matrix_cl foo = //...
matrix_cl goo;
example(cl::NDRange(...), goo, foo, 10);

Depending on the in/out_buffer passed when constructing the kernel, events will be added to the appropriate matrix_cl read and/or write event stack. For instance, in the above, goo in the output and will have the kernel’s event attached to it’s write_stack. While foo will have the kernel’s event attached to it’s read_stack. Later kernel calls that write to foo will know to wait for all the event’s in foo’s read_stack and write_stack while kernels that use goo as input will know to wait for the event’s in goo’s write_stack.

The kernel functions for addition, subtraction, and multiplication are wrapped in their standard operators so users of the Stan Math library can call the operations such as:

matrix_cl A = B * C + D - E;

3 GPU-optimized routines in the Stan Math library

In this section we describe the three GPU-optimized matrix algebra primitives that are currently implemented in Stan Math. They are currently not accessible directly in the Stan language but are used inside existing primitive and reverse functions. Several supporting routines that were used in the implementation of these primitives are described in Section 3.5.

3.1 Matrix multiplication

Efficient implementations of the general matrix multiplication in OpenCL can be found in various best practices guides (Nvidia, 2009, 2010) and research papers (Matsumoto et al., 2014; Nugteren, 2017, 2018). In Stan Math we implemented general matrix multiplication with optimizations for triangular input matrices, vector and row vector inputs, and multiplication in the form . Multiplications of a matrix or its diagonal with a scalar are also supported and explained in Section 3.5.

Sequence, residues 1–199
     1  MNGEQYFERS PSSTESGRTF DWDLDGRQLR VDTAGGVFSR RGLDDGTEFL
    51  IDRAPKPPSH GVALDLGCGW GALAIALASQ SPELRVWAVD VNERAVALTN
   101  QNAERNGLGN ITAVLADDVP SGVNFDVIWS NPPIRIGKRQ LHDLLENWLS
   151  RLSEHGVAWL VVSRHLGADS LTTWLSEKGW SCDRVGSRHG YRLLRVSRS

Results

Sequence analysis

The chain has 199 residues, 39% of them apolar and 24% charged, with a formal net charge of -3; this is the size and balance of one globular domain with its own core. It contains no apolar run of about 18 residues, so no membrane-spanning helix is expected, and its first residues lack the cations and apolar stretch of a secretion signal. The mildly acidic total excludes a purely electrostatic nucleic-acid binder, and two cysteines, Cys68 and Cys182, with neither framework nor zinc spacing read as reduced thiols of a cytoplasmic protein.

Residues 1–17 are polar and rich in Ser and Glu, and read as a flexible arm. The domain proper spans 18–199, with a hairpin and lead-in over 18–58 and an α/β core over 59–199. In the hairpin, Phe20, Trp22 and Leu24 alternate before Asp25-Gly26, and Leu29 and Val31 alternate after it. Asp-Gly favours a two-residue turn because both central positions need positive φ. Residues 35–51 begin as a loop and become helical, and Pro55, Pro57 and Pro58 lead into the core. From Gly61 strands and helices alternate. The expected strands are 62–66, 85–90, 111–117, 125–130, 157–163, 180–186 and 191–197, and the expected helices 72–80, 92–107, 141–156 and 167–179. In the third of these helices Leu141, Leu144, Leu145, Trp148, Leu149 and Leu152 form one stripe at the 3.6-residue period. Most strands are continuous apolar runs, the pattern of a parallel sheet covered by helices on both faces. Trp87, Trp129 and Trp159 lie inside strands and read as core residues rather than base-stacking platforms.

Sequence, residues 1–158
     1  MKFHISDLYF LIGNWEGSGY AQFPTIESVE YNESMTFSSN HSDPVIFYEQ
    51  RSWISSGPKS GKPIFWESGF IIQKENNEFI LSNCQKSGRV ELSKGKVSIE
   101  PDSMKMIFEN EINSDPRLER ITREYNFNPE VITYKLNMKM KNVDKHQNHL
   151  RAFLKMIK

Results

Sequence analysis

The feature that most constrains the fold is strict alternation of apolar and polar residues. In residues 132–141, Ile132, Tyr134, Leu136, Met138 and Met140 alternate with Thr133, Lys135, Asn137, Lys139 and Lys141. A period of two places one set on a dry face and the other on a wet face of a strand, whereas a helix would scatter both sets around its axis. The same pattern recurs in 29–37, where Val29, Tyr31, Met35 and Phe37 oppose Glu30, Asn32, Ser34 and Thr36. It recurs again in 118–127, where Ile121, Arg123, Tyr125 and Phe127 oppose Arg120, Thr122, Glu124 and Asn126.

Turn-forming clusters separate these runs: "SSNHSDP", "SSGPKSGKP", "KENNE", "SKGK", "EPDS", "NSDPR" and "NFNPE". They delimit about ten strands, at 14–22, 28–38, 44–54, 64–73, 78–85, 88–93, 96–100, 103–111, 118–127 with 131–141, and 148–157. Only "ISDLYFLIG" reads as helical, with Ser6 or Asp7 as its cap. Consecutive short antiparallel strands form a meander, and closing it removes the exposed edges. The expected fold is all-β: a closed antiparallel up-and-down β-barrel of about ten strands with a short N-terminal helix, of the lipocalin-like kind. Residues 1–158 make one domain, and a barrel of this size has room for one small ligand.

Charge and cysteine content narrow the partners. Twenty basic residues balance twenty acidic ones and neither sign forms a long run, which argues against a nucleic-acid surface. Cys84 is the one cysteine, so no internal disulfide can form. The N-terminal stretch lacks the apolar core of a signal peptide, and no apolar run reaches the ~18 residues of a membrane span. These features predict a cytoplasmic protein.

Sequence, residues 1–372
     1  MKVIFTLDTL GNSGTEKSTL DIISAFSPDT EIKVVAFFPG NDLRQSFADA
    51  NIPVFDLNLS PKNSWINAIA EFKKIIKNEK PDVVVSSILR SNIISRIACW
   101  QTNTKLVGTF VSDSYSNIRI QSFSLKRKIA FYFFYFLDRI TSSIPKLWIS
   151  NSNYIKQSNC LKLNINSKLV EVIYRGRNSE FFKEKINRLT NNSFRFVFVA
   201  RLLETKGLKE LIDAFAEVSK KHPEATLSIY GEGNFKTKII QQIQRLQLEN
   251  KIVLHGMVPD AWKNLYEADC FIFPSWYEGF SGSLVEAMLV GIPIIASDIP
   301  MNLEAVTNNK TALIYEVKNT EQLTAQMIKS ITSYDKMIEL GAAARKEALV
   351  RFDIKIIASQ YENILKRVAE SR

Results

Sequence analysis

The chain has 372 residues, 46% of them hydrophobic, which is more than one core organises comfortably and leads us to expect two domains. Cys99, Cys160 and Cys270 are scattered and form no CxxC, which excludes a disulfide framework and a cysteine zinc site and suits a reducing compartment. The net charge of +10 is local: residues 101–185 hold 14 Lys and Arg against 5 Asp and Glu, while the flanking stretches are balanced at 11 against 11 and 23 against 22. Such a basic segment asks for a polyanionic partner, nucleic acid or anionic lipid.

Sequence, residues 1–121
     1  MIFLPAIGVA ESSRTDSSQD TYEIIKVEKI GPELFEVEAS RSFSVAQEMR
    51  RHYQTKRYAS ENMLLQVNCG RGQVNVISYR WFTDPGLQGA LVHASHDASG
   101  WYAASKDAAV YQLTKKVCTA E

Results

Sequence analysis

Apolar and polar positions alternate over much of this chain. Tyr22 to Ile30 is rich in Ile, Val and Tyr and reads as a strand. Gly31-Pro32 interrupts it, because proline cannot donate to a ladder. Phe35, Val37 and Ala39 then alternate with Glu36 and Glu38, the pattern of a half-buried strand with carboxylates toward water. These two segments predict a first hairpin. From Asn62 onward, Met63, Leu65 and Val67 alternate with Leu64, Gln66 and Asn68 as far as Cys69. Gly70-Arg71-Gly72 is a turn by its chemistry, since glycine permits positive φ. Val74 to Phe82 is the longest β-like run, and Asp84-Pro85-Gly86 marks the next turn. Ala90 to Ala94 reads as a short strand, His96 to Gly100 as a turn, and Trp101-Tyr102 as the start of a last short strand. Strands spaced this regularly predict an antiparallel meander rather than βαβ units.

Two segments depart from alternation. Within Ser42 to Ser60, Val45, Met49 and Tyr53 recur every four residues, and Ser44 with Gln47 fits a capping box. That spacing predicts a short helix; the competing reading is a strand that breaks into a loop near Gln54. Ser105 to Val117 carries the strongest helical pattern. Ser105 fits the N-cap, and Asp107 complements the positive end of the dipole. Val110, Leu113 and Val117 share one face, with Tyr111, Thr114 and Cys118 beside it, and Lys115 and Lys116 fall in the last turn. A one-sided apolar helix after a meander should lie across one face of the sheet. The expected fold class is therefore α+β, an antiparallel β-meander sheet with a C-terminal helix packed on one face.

We implemented a kernel for general matrix multiplication (GEMM) that is based on the aforementioned best practices guides and is exposed through the operator*(matrix_cl& A, matrix_cl& B) function. Matrix multiplication , where is and is is executed with a 2D grid of threads, where WPT (Work Per Thread) is an implementation parameter. Thread computes the values of the resulting matrix, therefore performing up to WPT dot products of rows in and columns in . The default value is WPT = 8 as it gives good overall performance on GPUs of different architectures but it can be tuned for the target GPU. The dot products are done in smaller chunks (tiles) in order to facilitate the use of the GPUs small and fast shared memory. The use of shared memory with tiling is another common approach to optimization in OpenCL and CUDA GEMM implementations. When or are triangular, threads automatically adapt the start and end of the dot products to avoid unnecessary reads for elements known to be zero. Triangularity is passed with the last two parameters of the kernel or as the template parameters of the multiply function in the Stan Math API. Example calls are below:

matrix_cl C = multiply(A, B);
matrix_cl C = multiply<triangular_view_cl::LOWER>(A, B);
matrix_cl C = multiply<triangular_view_cl::ENTIRE,
                       triangular_view_cl::UPPPER>(A, B);
matrix_cl C = multiply<triangular_view_cl::UPPER,
                       triangular_view_cl::LOWER>(A, B);

3.1.1 Special case: large